Suppose I have four computers, Laptop, Server1, Server2, Kerberos server:

  • I log in using PuTTY or SSH from L to S1, giving my username / password
  • From S1 I then SSH to S2. No password is needed as Kerberos authenticates me

Describe all the important SSH and KRB5 protocol exchanges: "L sends username to S1", "K sends ... to S1" etc.

(This question is intended to be community-edited; please improve it for the non-expert reader.)


3 Answers 3


First login:

  • L sends username and SSH authentication request to S1
  • S1 returns available SSH authentication mechanisms, with "password" as one of them
  • L picks "password" and sends the plain password to S1
  • S1 gives username and password to PAM stack.
  • On S1, PAM (usually pam_krb5 or pam_sss) requests a TGT (ticket-granting ticket) from the Kerberos KDC.
    1. S1 obtains a TGT.
      • Old style (without preauth): S1 sends an AS-REQ and receives a AS-REP containing the TGT.
      • New style (with preauth): S1 uses your password to encrypt the current time stamp, and attaches it to the AS-REQ. The server decrypts the timestamp and verifies that it is within the allowed time skew; if decryption fails, the password is immediately rejected. Otherwise, a TGT is returned in the AS-REP.
    2. S1 attempts to decrypt the TGT using a key generated from your password. If the decryption succeeds, the password is accepted as correct.
    3. The TGT is stored to a newly created credential cache. (You can inspect the $KRB5CCNAME environment variable to find the ccache, or use klist to list its contents.)
  • S1 uses PAM to perform authorization checks (configuration-dependent) and open the session.
    • If pam_krb5 is called in authorization stage, it checks whether ~/.k5login exists. If it does, it must list the client Kerberos principal. Otherwise, the only allowed principal is username@DEFAULT-REALM.

Second login:

  • S1 sends username and SSH authn request to S2
  • S2 returns available auth mechs, one of them being "gssapi-with-mic" 1
  • S1 requests a ticket for host/s2.example.com@EXAMPLE.COM, by sending a TGS-REQ with the TGT to the KDC, and receiving a TGS-REP with the service ticket from it.
  • S1 generates an "AP-REQ" (authentication request) and sends it to S2.
  • S2 attempts to decrypt the request. If it succeeds, authentication is done. (PAM is not used for authentication.)
    • Other protocols such as LDAP may choose to encrypt further data transmission with a "session key" that was included with the request; however, SSH has already negotiated its own encryption layer.
  • If authentication succeeds, S2 uses PAM to perform authorization checks and open the session, same as S1.
  • If credential forwarding was enabled and the TGT has the "forwardable" flag, then S1 requests a copy of the user's TGT (with the "forwarded" flag set) and sends it to S2, where it gets stored to a new ccache. This allows recursive Kerberos-authenticated logins.

Note that you can obtain TGTs locally as well. On Linux, you can do this using kinit, then connect using ssh -K. For Windows, if you are logged in to a Windows AD domain, Windows does that for you; otherwise, MIT Kerberos can be used. PuTTY 0.61 supports using both Windows (SSPI) and MIT (GSSAPI), although you must enable forwarding (delegation) manually.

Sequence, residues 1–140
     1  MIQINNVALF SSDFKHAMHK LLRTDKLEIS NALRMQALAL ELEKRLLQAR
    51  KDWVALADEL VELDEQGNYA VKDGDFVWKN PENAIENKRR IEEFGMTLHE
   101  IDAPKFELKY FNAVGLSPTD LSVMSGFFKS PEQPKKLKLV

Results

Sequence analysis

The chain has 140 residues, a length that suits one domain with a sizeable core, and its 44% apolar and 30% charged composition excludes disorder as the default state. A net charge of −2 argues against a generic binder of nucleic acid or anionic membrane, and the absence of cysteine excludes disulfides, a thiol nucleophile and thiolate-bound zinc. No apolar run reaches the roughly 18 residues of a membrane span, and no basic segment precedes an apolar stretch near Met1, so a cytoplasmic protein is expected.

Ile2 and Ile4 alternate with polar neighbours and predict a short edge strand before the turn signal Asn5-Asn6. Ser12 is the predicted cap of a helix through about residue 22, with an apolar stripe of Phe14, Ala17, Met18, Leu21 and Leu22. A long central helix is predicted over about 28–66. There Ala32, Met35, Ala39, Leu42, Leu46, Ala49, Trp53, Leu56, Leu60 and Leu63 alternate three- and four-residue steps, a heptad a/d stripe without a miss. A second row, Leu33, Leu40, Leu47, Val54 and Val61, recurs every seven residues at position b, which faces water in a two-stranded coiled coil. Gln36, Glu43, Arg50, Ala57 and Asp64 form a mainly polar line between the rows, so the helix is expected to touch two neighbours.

1 gssapi-keyex is also possible but was not accepted into official OpenSSH.

  • Could you elaborate on the relationship between the password, TGT, and response from the KDC? It's not clear how PAM decides whether the password is correct.
    – PhilR
    Nov 11, 2011 at 13:13
  • NOTE: This sentence is incorrect: "S1 sends a TGS-REQ and receives a TGS-REP containing the TGT." Incorrect because TGT's come as part of the AS_REP. A Service Ticket will come back with the TGS_REPn
    – jouell
    May 30, 2014 at 2:03
  • 1
    Recent versions of OpenSSH have key exchange. I think 4.2p1 was the first version to have the patches. (sxw.org.uk/computing/patches/openssh.html)
    – quinnr
    Feb 10, 2017 at 20:48
  • No they don't. Those are third-party patches. That's what I meant by "not accepted into official OpenSSH"
    – user1686
    Feb 10, 2017 at 21:31

To put the long story short: ideally, Kerberos tickets should be obtained on your terminal (L), either with kinit command or as part of the local login sequence in a so-called "single sign-on" setup. The remote systems (S1, S2) would then be accessible without password prompts. A chained access (L→S1→S2) would be possible by employing a technique known as "ticket forwarding". Such a setup requires, in particular, the KDC to be directly accessible from the terminal (L).

The other answer by grawity explains this approach in details.


The only non-obvious step here would be that there is a PAM module on S1 that used your credentials to perform a kinit and gets you a ticket granting ticket from K (client authentication). Then, when you SSH to S2 using Kerberos authentication, an client service authentication takes place. I don't see the benefit of going through all the tedious exchanges message by message.

Throw a -vvv on your ssh command if you want to see every message and read the Wikipedia description of Kerberos.

  • 3
    Answering a question which asks for details with "I don't see the benefit of elaborating on the details" seems quite rude to me.
    – Massimo
    May 30, 2014 at 2:13

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